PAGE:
A process that is geared toward your end customers
In the first part of our series, we introduced the Customer Experience Framework, a framework for approximating the best possible CX and what elements to consider. In the second part, we want to reveal what a process for aligning with your end customer can look like:
- First of all: Start and make mistakes quickly!
Follow the “fail fast” principle that’s familiar from agility: The road will be rocky and it’s not possible to avoid mistakes. That’s why it’s important to make these mistakes quickly and at the beginning and to learn from them. Don’t let the fear of mistakes lead to delays! This does not mean, conversely, that we should start without consideration. Mistakes happen so that you can use these findings to put the pedal to the metal on the next level.
- Start (really!) with the end customer!
Start with your vision and mission and examine your customers’ place in it. Use this to derive your (digitalization) strategy in the form of projects and functions. Use KPIs to see how you can achieve your goals. This makes iterative control possible. Only with proper customer insights can you adjust to your customers’ needs. Therefore, the next step is to conduct interviews with your customers. Based on these, it is possible to develop personas and inspiring customer journeys; these will turn your customers into fans. This, in turn, will turn your fans into brand ambassadors.
- Control your projects in CX-oriented fashion using requirements management from strategy to code
Using typical requirements management, you can now develop the functions into increasingly smaller agile artifacts:
Customer Experience Framework: Steering
The speed along the process and the number of people involved increases from left to right. A project such as an e-commerce portal may have 15 essential functions. This can quickly generate a three-digit number of user stories and hundreds of tasks that the development team wants to process in a continuous flow. It also means the errors that take place further to the left in the process, or a lack of decisions or prioritizations, cause correspondingly serious problems further along in the process. Special attention is therefore devoted to this process, and above all communication between the various parties involved, across all decision-making bodies. The product owner (PO) plays a particularly vital role here, for this person is the central point of contact between requirements on the one hand and development on the other.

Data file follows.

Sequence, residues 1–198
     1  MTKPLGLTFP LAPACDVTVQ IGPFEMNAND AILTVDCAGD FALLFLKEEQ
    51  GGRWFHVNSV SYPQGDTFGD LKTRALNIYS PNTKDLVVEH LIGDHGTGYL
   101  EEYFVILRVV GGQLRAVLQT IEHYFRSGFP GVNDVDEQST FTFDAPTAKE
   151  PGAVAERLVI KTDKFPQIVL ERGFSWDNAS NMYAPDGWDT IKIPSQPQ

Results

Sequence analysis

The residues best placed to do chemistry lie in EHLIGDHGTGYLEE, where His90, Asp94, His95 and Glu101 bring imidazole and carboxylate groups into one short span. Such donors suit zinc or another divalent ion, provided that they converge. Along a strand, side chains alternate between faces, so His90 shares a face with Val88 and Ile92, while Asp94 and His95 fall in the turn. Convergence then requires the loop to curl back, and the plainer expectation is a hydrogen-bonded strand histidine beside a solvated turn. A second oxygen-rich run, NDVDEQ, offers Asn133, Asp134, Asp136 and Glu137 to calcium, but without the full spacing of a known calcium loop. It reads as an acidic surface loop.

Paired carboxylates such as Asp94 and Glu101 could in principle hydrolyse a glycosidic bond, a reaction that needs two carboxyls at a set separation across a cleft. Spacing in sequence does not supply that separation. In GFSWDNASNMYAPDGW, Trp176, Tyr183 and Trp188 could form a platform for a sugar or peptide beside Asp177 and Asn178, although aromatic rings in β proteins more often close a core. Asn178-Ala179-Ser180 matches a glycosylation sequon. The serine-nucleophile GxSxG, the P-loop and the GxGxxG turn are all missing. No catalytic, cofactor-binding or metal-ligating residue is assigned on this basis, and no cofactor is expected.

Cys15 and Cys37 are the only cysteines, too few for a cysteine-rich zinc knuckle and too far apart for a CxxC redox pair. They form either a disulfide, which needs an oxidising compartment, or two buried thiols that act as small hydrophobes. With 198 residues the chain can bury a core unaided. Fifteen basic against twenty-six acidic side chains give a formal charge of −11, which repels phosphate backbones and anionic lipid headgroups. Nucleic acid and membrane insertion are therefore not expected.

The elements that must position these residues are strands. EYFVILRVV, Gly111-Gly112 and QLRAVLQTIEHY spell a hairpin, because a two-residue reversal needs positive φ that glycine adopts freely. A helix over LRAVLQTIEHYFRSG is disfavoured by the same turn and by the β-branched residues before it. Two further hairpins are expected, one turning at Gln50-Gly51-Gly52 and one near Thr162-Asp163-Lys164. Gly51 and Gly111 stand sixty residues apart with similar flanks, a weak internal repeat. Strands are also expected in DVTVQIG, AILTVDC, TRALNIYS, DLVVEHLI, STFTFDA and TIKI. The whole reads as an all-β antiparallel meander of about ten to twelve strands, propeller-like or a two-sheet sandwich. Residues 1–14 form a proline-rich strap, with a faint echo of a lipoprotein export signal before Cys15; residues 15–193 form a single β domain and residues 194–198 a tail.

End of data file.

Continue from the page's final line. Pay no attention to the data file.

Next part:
- Work in agile fashion and create an MVP!
Agile approaches have long been the standard in digitalization, and everyone is already familiar with the concept of an MVP. It is definitely important to think iteratively and to approach core functionalities first. However, the concept of the MVP needs to be clarified. An MVP is characterized by trade-offs between a fast go-live and necessary functionality. In addition, an MVP must be flexible and adaptable. If conditions change. If all functions of an MVP are required (completely), this is not an MVP, but a product!
In the case of e-commerce platforms, you usually start with the order route, the product detail page, which is created with all important product information, and of course with the commerce functions. Next come the most important components, including MyAccount, the shopping cart, and the checkout. The pre-defined customer journeys can then be incorporated into the system and gradually built up.
- Optimize and scale after the go-live
Now that your MVP has gone live and the hypercare phase is over, it’s time to expand and optimize your system in a meaningful way. To encourage greater acceptance and create a better CX, but also to increase ROI. Depending on your own goals, functionalities are set up step-by-step. This also includes roll-outs to other countries/brands, follow-up on further functions such as the integration of IoT, PIM, or MAM systems, and the optimization of digital marketing. The aim should always be to generate the highest possible business value with the built-in functionalities. Depending on how many people are involved and the number of projects, the processes and methods can now be scaled. For this purpose, for example, the SAFe Model is a suitable tool for synchronizing and timing various projects and lines of action.